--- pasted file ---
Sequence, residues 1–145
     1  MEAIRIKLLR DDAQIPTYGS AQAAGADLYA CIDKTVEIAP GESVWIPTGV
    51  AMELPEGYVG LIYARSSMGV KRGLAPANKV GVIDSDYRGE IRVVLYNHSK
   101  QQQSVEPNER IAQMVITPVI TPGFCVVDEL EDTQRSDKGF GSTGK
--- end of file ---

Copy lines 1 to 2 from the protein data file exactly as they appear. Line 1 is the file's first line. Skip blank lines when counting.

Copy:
Sequence, residues 1–145
     1  MEAIRIKLLR DDAQIPTYGS AQAAGADLYA CIDKTVEIAP GESVWIPTGV